Be it politics or economics, aberrations happen because a few wrong people hold the right jobs. But mercifully India has consistently shown that a few right people in the right jobs can rectify the situation. Thankfully, there are enough people around with both maturity and integrity.
If the new government embarks on a rampant privatisation drive, the stockmarket will skyrocket. That's how bizarre the stockmarket has become. Why should any government with a measure of sense and honesty sell off its profitable enterprises? Why shouldn't any government with some sense and conscience invest in agriculture? Yet, these two decisions sent the stockmarket plummeting. The whole point of free and fair elections is that it allows course corrections. When farmers commit suicide, droughts and floods wreak havoc, is it morally right for an elected government of a poor country to disengage from agriculture to appease the stockmarket? No government can allow itself to be held to ransom by the stockmarket, especially when it behaves in an anti-democratic, elitist, unconscionable manner. Sure, noble values can't be expected from market forces. By that token, they shouldn't expect pandering from the government either. A sovereign government must cater only to the weak and the helpless and provide an enabling environment for the rest. It's about time stockbrokers grew up.
In many ways, the Indian networks' fixation with the stockmarket is derivative. They're blindly imitating CNBC, CNN and BBC that now have business news virtually every hour. This copycat behaviour is stupid to the say the least. Firstly, the Indian reality cannot be compared to the developed economies of Japan, the US or Europe. Ours is still an agricultural economy where 300 million people are struggling without basic necessities. Our media's focus has to be necessarily relevant to our specific situation. Secondly, unless there is a catastrophe, these international TV networks are not watched by domestic viewers in Europe, Asia or America. Instead, they cater primarily to travelling bureaucrats, politicians and businessmen.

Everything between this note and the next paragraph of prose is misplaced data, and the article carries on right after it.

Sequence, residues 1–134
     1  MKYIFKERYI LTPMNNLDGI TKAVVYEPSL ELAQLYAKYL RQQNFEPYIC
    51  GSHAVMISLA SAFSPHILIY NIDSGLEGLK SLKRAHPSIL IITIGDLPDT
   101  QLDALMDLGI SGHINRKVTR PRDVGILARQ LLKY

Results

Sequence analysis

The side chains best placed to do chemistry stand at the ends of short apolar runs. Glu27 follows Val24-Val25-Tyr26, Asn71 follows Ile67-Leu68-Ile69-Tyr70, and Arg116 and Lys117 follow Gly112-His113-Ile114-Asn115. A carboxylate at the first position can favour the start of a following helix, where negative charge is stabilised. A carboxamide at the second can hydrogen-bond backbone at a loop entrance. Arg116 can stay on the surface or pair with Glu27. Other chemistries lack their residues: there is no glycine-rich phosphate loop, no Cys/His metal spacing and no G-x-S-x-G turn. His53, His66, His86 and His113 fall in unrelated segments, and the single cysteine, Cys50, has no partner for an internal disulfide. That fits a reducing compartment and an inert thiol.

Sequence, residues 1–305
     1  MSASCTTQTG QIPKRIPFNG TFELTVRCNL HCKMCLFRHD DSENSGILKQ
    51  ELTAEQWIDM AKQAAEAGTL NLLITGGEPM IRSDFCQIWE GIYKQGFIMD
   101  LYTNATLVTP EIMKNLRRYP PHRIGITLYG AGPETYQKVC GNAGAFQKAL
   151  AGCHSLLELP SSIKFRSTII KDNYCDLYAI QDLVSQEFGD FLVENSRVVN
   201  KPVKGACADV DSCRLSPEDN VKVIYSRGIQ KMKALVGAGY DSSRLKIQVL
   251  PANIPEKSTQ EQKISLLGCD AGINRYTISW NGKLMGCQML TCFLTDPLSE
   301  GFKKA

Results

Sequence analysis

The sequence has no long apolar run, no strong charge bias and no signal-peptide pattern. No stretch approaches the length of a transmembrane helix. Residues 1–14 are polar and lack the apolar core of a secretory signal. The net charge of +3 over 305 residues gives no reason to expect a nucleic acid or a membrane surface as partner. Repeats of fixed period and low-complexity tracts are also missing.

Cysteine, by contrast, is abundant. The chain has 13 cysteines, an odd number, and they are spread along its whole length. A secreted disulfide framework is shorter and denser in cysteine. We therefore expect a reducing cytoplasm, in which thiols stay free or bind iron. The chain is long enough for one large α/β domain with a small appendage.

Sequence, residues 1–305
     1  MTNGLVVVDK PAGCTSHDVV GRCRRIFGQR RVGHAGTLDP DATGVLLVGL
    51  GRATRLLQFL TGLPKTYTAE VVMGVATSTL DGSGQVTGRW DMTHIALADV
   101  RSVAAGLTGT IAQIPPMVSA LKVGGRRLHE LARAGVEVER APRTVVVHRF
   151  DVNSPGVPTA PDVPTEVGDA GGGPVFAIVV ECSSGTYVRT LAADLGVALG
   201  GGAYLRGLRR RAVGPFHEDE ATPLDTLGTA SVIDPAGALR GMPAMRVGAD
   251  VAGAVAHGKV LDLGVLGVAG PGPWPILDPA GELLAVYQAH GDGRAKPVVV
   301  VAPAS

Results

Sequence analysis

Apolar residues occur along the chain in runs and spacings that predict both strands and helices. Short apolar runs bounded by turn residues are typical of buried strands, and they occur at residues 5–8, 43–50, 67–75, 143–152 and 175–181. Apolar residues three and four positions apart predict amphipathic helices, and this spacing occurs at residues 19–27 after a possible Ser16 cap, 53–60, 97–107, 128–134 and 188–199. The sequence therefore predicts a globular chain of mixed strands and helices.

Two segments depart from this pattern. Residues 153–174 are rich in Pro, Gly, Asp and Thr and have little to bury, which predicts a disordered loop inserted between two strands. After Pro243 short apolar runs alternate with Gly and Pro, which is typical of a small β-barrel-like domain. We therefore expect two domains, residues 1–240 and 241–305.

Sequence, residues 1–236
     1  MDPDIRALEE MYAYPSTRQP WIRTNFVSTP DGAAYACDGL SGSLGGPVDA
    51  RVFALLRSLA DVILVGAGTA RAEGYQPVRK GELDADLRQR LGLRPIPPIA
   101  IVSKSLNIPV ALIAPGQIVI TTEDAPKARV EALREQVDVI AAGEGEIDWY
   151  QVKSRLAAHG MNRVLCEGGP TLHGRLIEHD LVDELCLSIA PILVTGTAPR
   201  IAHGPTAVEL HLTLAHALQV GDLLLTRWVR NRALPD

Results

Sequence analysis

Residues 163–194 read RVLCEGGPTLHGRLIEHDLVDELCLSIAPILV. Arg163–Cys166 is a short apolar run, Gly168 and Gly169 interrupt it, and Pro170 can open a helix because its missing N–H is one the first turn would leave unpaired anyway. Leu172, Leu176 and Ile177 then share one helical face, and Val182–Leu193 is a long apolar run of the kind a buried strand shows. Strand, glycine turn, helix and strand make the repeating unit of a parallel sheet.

Only a small fraction of the total population watch our news channels. Still, the incestuous relationship between networks and stockmarkets give the latter a highly inflated status. It's may be too much to expect the media to extricate itself from the tyranny of the stockmarket and behave in a more responsible fashion. But the public and government can do their bit by firmly pushing the entities back to their rightful place and getting on with their own lives.
(The author can be reached at email@example.com)